LOGIN

RSS Facebook Twitter YouTube
GLOSSARY       

SEARCHGLOSSARY

A B C D E F G H I J K L M N O P Q R S T U V W X Y Z

PROFILESEARCH

The evolutionary history of Xiphophorus fish and their sexually selected sword: : a genome-wide approach using restriction site-associated DNA sequencing

Home Forums Ichthyology The evolutionary history of Xiphophorus fish and their sexually selected sword: : a genome-wide approach using restriction site-associated DNA sequencing

This topic contains 0 replies, has 1 voice, and was last updated by  BillT 4 years, 9 months ago.

Viewing 5 posts - 1 through 5 (of 5 total)
  • Author
    Posts
  • #302686

    Matt
    Keymaster

    Molecular Ecology – early view

    Abstract

    Next-generation sequencing (NGS) techniques are now key tools in the detection of population genomic and gene expression differences in a large array of organisms. However, so far few studies have utilized such data for phylogenetic estimations. Here, we use NGS data obtained from genome-wide restriction site-associated DNA (RAD) (∼66000 SNPs) to estimate the phylogenetic relationships among all 26 species of swordtail and platyfish (genus Xiphophorus) from Central America. Past studies, both sequence and morphology-based, have differed in their inferences of the evolutionary relationships within this genus, particularly at the species-level and among monophyletic groupings. We show that using a large number of markers throughout the genome, we are able to infer the phylogenetic relationships with unparalleled resolution for this genus. The relationships among all three major clades and species within each of them are highly resolved and consistent under maximum likelihood, Bayesian inference and maximum parsimony. However, we also highlight the current cautions with this data type and analyses. This genus exhibits a particularly interesting evolutionary history where at least two species may have arisen through hybridization events. Here, we are able to infer the paternal lineages of these putative hybrid species. Using the RAD-marker-based tree we reconstruct the evolutionary history of the sexually selected sword trait and show that it may have been present in the common ancestor of the genus. Together our results highlight the outstanding capacity that RAD sequencing data has for resolving previously problematic phylogenetic relationships, particularly among relatively closely related species.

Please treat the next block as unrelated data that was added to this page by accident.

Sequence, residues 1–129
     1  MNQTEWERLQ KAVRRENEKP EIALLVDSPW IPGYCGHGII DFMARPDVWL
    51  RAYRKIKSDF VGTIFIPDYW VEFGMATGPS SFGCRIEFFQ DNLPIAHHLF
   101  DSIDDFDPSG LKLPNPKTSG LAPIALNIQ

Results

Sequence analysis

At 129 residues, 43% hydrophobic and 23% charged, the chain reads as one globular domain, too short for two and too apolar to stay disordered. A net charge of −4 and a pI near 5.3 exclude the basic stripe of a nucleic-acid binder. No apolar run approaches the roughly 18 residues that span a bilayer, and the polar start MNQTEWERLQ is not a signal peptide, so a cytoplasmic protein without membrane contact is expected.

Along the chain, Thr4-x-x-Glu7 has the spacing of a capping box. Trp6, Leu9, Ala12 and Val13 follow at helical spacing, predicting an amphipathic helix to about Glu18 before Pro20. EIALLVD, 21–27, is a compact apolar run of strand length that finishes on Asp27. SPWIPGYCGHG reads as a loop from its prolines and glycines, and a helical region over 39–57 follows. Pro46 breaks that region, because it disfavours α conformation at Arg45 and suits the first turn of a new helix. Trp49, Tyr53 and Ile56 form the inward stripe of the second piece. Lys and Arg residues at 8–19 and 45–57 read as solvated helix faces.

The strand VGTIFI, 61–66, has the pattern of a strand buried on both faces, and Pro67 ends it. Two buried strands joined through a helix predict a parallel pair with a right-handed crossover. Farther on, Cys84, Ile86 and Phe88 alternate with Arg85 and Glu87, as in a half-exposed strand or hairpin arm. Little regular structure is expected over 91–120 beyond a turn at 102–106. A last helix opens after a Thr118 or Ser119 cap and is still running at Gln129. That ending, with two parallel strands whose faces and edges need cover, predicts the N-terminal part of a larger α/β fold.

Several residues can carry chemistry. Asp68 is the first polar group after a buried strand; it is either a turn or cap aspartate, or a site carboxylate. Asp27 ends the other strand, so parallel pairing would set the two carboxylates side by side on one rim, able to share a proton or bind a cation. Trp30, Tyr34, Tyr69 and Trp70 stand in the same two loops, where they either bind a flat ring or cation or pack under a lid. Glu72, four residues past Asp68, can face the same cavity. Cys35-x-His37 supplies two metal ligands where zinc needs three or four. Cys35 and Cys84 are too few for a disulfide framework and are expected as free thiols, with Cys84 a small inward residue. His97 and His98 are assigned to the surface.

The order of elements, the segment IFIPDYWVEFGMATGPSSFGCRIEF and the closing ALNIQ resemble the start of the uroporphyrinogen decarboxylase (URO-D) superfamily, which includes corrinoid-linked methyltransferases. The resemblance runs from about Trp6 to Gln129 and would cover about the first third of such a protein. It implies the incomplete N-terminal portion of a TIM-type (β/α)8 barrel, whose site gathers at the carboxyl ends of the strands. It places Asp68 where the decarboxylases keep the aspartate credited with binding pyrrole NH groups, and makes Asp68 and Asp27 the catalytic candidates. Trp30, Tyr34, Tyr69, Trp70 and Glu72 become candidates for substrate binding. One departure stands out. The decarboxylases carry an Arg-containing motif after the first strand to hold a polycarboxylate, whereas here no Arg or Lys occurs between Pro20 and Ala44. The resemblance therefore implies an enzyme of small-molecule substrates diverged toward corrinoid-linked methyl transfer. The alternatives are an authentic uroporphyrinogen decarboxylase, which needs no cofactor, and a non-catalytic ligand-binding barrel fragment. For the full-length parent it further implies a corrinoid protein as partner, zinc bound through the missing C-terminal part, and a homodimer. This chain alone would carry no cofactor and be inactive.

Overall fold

#350602

    Graham Ramsay
    Participant

    I should dearly like to read this if at all possible.

    #350604

    Matt
    Keymaster

    Sent.

    #350609

    plesner
    Participant

    I’d love to read it too, if possible.

    #350613

    BillT
    Participant

    I would also like to read this.

Viewing 5 posts - 1 through 5 (of 5 total)

You must be logged in to reply to this topic.